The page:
Britain's coal miners entered their ninth month on strike today as a drift back to work gathered strength, encouraged by promises of Christmas bonuses. But the anniversary followed one of the bloodiest nights of the dispute.

Peter Wright, the chief constable of South Yorkshire, where support for the strike is strongest, said the violence last night and early this morning was "quite horrific." Clashes between pickets and police at a dozen coal pits and mining villages in the region resulted in 45 arrests, with 45 policemen and nine pickets injured.

The attacks appeared to represent a shift in tactics, police said, with violent incidents carried out by relatively small groups in several locations within a few hours. This kept police on the move. In contrast, past clashes involved large groups concentrated in one area.

Two police stations were attacked with gasoline bombs and four-inch metal bolts hurled through windows. Lamp posts were ripped up and pushed across roads to block police vehicles. Oil and glass was spread on roads and head-high wires stretched across them, according to Britain's Press Association.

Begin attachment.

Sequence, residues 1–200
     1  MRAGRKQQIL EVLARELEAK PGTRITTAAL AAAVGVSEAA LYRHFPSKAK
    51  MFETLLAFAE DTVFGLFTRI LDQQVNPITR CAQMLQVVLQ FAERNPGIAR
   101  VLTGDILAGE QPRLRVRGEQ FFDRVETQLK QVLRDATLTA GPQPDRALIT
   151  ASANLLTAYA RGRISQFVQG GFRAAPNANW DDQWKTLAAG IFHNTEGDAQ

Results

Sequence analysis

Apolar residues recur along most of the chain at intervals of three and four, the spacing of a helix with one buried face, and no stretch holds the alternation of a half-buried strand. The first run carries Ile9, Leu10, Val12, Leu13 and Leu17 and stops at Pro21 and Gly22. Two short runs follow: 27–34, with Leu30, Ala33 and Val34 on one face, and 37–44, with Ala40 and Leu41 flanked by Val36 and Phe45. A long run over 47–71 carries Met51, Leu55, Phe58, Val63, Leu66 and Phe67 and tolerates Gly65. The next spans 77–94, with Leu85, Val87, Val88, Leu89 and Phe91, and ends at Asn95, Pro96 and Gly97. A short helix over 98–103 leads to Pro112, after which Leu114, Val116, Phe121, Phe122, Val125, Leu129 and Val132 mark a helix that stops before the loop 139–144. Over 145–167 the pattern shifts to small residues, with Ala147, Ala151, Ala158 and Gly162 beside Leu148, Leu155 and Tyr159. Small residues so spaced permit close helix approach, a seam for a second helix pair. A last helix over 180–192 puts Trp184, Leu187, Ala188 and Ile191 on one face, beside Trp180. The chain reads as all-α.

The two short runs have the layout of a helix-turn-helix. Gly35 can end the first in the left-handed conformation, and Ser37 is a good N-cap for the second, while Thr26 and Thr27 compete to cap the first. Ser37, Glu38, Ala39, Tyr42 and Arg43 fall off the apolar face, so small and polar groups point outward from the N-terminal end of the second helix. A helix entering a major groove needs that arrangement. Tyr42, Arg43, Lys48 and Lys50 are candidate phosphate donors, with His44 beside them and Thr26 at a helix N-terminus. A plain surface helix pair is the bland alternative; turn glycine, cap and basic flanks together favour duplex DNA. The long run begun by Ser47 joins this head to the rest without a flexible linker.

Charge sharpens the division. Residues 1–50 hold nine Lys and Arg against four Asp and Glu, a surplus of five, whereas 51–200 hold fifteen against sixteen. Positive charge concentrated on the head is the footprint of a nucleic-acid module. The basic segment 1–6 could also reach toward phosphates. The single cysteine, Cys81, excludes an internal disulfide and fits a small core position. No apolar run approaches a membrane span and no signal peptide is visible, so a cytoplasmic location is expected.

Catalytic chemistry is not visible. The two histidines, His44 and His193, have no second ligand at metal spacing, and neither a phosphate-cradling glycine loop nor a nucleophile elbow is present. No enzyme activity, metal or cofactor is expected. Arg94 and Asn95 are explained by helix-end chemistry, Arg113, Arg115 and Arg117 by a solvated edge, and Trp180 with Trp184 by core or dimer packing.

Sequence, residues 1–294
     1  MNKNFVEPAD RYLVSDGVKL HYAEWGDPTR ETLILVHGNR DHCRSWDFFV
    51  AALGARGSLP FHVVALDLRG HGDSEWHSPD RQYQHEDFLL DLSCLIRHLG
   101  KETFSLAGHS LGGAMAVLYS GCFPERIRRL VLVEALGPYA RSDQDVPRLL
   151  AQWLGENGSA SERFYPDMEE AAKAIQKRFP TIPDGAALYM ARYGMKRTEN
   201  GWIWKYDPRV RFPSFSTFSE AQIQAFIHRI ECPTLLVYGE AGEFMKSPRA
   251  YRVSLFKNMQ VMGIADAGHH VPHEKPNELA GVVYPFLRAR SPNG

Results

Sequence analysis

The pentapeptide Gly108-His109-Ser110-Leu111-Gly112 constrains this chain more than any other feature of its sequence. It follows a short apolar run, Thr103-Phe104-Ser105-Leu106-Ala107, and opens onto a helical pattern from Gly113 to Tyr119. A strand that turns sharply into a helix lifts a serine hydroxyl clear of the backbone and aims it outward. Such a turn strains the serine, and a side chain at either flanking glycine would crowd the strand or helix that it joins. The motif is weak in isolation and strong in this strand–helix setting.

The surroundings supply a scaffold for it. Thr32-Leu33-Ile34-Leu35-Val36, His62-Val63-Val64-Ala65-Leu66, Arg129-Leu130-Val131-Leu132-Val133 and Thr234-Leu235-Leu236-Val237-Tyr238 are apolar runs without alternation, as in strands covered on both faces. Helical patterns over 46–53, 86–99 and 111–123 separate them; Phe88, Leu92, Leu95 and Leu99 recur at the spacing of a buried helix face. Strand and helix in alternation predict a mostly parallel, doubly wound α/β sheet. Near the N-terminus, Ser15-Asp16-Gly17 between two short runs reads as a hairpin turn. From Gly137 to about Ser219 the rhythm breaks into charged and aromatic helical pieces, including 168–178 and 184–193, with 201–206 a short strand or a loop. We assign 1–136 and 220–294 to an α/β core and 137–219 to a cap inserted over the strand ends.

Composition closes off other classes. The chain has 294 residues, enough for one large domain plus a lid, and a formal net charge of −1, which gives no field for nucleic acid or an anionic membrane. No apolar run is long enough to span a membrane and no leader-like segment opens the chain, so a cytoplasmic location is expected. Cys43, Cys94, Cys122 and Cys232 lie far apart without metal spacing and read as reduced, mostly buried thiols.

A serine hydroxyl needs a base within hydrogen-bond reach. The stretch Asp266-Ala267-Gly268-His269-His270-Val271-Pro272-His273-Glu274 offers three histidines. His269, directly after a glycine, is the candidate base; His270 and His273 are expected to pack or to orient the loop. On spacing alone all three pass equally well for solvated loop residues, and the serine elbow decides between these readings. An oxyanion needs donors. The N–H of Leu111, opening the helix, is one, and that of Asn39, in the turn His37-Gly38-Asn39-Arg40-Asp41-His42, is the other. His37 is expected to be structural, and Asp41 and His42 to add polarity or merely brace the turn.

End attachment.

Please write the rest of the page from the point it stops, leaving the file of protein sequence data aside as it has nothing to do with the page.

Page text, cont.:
Throughout the strike, about one-fourth of Britain's 180,000 coal miners have continued to work, primarily in pits still operating in Nottinghamshire, south of Yorkshire. They have kept working because the National Union of Mineworkers called the strike last March without a national ballot of the membership.

But last week, as the latest round of negotiations to end the walkout collapsed and as the state-run national coal board offered a $1,700 package of pre-Christmas wages and bonuses, the drift back to work accelerated.

The coal board said that today, about 1,900 strikers had come back to work -- almost as many as the 2,100 who returned throughout last week. The board now claims that nearly 56,000 miners are working, while 130,000 are still out.

Mine union chief Arthur Scargill accused the board of "cooking" the figures, saying about 40,000 miners were working. "The coal board's policy of trying to bribe miners to return to work, using as an inducement money already owed to them, is not succeeding," he said, while blaming the police for the rioting.

Although Scargill has suffered setbacks in recent weeks involving loss of support by some important trade union and Labor Party leaders and an embarrassing disclosure of contacts with Libya, coal board officials were reluctant to say the strike was crumbling.